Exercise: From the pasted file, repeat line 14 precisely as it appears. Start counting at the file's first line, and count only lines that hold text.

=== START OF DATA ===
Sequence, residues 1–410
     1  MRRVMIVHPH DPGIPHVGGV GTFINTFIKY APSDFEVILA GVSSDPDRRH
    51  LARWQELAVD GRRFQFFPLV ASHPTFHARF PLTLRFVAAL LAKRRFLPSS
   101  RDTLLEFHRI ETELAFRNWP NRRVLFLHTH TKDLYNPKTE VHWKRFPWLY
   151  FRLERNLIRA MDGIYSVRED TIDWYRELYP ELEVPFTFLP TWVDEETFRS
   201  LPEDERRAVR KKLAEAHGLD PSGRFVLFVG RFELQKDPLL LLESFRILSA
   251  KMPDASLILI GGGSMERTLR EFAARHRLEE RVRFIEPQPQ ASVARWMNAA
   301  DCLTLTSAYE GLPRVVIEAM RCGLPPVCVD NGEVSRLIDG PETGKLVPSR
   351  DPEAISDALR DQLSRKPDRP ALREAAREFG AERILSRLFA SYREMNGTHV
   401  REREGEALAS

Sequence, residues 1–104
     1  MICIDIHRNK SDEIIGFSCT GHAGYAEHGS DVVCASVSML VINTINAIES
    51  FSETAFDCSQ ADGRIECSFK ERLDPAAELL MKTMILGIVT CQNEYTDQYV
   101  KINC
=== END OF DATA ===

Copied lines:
   101  KINC